When gallant-springing, brave Plantagenet,
That princely novice,5 was struck dead by thee?

Clar. My brother's love, the devil, and my rage. 1 Murd. Thy brother's love, our duty, and thy


Provoke us hither now to slaughter thee.

Clar. If you do love my brother, hate not me;
I am his brother, and I love him well.

If you are hir'd for meed,6 go back again,
And I will send you to my brother Gloster;
Who shall reward you better for my life,
Than Edward will for tidings of my death.
2 Murd. You are deceiv'd, your brother Gloster
hates you.

Clar. O, no; he loves me, and he holds me dear:
Go you to him from me.
Both Murd.
Clar. Tell him, when that our princely father


Ay, so we will.

Bless'd his three sons with his victorious arm,
And charg'd us from his soul to love each other,
He little thought of this divided friendship:
Bid Gloster think on this, and he will weep.

1 Murd. Ay, mill-stones; as he lesson'd us to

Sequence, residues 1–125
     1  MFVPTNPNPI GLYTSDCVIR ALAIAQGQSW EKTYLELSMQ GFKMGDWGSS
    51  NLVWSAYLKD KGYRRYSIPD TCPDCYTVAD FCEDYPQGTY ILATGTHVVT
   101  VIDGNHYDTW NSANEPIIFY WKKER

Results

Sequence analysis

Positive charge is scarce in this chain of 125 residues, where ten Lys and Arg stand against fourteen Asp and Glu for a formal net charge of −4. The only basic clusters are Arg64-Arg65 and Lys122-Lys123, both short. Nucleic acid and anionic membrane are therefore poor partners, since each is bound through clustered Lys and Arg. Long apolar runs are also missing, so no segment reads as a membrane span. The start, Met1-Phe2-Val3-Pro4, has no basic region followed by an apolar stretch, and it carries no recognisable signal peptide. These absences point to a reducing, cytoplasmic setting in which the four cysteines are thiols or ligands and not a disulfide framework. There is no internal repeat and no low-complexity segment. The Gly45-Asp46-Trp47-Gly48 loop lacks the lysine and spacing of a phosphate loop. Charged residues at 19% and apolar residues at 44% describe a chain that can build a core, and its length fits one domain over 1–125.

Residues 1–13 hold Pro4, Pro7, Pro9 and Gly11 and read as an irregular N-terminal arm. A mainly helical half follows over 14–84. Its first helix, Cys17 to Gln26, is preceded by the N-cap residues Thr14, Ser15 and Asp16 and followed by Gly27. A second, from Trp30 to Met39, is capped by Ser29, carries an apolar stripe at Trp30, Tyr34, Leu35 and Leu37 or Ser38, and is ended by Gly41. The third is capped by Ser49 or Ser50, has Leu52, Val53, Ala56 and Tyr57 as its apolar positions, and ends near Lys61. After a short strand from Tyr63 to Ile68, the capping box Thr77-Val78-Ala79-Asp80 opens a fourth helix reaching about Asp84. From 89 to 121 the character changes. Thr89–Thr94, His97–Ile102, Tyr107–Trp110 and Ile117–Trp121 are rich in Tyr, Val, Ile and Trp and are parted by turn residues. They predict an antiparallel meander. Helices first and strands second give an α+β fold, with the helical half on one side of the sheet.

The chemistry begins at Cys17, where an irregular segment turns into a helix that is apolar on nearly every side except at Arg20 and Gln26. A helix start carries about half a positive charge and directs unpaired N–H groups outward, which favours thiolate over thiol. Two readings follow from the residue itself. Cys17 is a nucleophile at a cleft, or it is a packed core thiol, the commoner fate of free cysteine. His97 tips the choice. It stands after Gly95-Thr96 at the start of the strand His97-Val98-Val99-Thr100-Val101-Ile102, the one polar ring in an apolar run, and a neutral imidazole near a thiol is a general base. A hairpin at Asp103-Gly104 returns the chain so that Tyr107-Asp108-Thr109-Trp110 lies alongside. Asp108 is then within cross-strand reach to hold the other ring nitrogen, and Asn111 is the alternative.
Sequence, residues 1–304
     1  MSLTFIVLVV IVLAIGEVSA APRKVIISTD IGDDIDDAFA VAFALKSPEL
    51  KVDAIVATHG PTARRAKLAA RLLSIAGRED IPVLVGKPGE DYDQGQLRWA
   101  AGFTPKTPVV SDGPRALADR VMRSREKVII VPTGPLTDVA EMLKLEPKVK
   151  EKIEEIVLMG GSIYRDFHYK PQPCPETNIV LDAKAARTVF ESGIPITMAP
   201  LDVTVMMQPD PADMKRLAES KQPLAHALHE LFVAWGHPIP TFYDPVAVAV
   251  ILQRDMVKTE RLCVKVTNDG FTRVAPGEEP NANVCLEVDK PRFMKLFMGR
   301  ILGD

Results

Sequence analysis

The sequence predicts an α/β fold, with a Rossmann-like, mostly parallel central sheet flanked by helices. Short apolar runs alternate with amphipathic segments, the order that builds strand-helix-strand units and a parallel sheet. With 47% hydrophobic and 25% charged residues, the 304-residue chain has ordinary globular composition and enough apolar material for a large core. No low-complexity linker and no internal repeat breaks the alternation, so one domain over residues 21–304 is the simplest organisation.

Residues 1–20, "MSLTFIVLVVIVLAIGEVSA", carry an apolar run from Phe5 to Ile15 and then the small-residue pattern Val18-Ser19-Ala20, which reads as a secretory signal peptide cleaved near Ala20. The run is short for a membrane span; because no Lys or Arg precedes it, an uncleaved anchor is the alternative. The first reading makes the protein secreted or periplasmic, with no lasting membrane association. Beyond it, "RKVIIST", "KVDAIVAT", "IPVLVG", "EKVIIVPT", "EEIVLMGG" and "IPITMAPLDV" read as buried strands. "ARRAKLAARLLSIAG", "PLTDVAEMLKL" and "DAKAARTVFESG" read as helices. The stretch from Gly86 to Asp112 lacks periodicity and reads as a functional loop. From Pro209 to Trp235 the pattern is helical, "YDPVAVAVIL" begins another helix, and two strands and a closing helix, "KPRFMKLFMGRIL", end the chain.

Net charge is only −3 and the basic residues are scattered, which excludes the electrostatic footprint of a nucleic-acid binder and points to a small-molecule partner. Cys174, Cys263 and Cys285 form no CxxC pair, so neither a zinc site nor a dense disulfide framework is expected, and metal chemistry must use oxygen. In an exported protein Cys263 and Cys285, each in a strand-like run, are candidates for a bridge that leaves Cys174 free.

Clar. O, do not slander him, for he is kind.
1 Murd. Right, as snow in harvest.-Come, you
deceive yourself;

'Tis he that sends us to destroy you here.
Clar. It cannot be; for he bewept my fortune,

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And hugg'd me in his arms, and swore, with sobs,
That he would labour my delivery.

1 Murd. Why, so he doth, when he delivers you From this earth's thraldom to the joys of heaven. 2 Murd. Make peace with God, for you must die, my lord.

K. Edw. Take heed, you dally not before your

Lest he, that is the supreme King of kings,
Confound your hidden falsehood, and award
Either of you to be the other's end.

Hast. So prosper I, as I swear perfect love!